associated with an increased risk of cardiovascular disease and chronic renal failure (CRF). In the
United States the prevalence and incidence of kidney failure treated by dialysis and transplantation
have increased from 1988 to 2004. This could be due to the increasing prevalence of diabetes and
hypertension.2 A similar trend is seen in Malaysia where diabetes is increasingly prevalent.
CKD is found in persons of all ages. The normal annual mean decline in the GFR with age from
the peak GFR (approximately 120 mL/min/1.73 m2) attained during the third decade of life is
approximately 1 mL/min/1.73 m2, reaching a mean value of 70 mL/min/1.73 m2 at age 70 years.
Nonetheless, in the United States, the highest incidence rate of ESRD occurs in patients older than
65 years. From the 3rd National Health and Nutrition Examination Survey (NHANES III) data, the
prevalence of CKD was 37.8% among patients older than 70 years. Besides diabetes mellitus and
hypertension, age is an independent major predictor of CKD. The biologic process of aging initiates
various structural and functional changes within the kidney. Renal mass progressively declines with
advancing age. Glomerulosclerosis leads to a decrease in renal weight. Histologic examination is
notable for a decrease in glomerular number of as much as 30% to 50% by age 70 years.
Ischemic obsolescence of cortical glomeruli is predominant, with relative sparing of the renal medulla.
Juxtamedullary glomeruli see a shunting of blood from the afferent to efferent arterioles, resulting in
redistribution of blood fl ow favoring the renal medulla. These anatomical and functional changes in
renal vasculature appear to contribute to an age-related decrease in renal blood fl ow.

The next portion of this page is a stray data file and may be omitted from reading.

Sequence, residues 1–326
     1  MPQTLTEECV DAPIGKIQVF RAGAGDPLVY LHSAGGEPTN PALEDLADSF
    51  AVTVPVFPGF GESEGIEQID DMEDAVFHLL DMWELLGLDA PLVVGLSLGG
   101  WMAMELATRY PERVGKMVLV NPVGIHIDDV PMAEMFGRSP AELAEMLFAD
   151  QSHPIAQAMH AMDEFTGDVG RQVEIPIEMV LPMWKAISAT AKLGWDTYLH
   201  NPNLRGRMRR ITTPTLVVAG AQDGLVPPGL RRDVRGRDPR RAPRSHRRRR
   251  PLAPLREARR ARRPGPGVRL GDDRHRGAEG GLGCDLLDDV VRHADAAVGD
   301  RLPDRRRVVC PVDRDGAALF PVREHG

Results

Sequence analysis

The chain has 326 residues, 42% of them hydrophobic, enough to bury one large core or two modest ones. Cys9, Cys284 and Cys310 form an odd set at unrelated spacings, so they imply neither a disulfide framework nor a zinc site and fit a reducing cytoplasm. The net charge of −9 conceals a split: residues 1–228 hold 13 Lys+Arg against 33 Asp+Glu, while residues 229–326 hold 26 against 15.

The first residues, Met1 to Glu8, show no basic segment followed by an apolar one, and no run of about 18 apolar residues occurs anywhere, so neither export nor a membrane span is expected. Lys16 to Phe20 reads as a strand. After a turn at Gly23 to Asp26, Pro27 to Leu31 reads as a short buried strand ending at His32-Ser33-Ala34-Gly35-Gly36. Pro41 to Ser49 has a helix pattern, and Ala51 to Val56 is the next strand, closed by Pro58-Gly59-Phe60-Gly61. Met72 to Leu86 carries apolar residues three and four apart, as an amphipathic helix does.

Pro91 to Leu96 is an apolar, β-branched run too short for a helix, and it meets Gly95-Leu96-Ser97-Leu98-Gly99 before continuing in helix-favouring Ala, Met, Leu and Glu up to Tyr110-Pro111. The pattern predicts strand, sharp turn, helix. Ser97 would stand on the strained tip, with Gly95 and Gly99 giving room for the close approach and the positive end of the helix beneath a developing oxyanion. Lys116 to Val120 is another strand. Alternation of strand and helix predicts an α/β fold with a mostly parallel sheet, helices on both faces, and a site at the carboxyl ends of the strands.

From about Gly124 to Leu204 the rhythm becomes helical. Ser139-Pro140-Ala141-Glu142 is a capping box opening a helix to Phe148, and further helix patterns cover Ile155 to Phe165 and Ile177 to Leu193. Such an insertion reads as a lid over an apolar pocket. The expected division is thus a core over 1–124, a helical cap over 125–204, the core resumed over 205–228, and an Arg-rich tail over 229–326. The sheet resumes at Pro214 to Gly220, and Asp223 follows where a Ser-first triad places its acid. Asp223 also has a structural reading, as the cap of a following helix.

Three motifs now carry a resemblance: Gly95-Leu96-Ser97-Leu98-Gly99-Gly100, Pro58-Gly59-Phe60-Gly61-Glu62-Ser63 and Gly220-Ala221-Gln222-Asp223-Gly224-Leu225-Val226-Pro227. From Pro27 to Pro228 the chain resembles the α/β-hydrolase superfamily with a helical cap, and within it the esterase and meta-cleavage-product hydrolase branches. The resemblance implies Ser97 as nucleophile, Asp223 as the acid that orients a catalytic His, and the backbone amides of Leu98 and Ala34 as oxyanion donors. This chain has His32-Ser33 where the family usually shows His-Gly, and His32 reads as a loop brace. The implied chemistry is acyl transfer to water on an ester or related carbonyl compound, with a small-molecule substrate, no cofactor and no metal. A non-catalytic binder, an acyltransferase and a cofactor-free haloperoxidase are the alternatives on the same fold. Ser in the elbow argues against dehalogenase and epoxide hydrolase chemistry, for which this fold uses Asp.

Given the histologic evidence for nephronal senescence with age, a decline in the GFR is expected.
However, a wide variation in the rate of decline in the GFR is reported because of measurement
methods, race, gender, genetic variance, and other risk factors for renal dysfunction. Because of
these anatomical and physiological changes, elderly patients with CKD may behave differently, in
terms of progression and response to pharmacological treatment, than younger patients.
CHRONIC KIDNEY DISEASE
over the next 6 months, before increasing gradually over the next 4 years.
The mortality rates associated with hemodialysis are striking and indicate that the life expectancy
of patients entering into hemodialysis is markedly shortened. At every age, patients with ESRD
on dialysis have signifi cantly increased mortality when compared with non-dialysis patients and
individuals without kidney disease. At age 60 years, a healthy person can expect to live for more
than 20 years, whereas the life expectancy of a 60-year-old patient starting hemodialysis is closer
to 4 years.
Stages of CKD
The stages of CKD proposed by KDOQI in the table below (Table 1) is followed internationally. The
table also lists the potential complications due to the reduced GFR.
Table 1: Stages of CKD with potential complications of reduced GFR.
Stage Description GFR* (mL/min/1.13m2)
Kidney damage# with normal or ↑GFR
Kidney damage# with mild ↓GFR
Moderate ↓ in GFR
Severe ↓ in GFR
< 15 or on dialysis
*The listed complications are not specifi c to CKD and may indicate other conditions. These complications are generally noted with the decreased GFR.
#Kidney damage is defi ned as demonstrated pathological fi ndings in the kidney by biopsy or imaging studies or abnormal laboratory fi ndings in blood or urine tests (proteinuria,
albuminuria, hematuria or presence of white blood cells, casts).
Potential complications of reduced GFR*
● Anemia, including functional iron defi ciency ● BP increases
● Calcium absorption decreases ● Dyslipidemia/heart failure/volume overload
● Hyperkalemia ● Hyperparathyroidism
● Hyperphosphatemia ● Left ventricular hypertrophy
● Metabolic acidosis
Mortality and Morbidity
CKD is a major cause of morbidity and mortality, particularly at the later stages. The 5-year survival
rate for a patient undergoing chronic dialysis in the United States is approximately 35%. This is
approximately 25% in patients with diabetes. The most common cause of death in the dialysis
population is cardiovascular disease.
Among patients with ESRD aged 65 years and older, the mortality rates are 6 times higher than in
the general population. In 2003, over 69,000 dialysis patients enrolled in the ES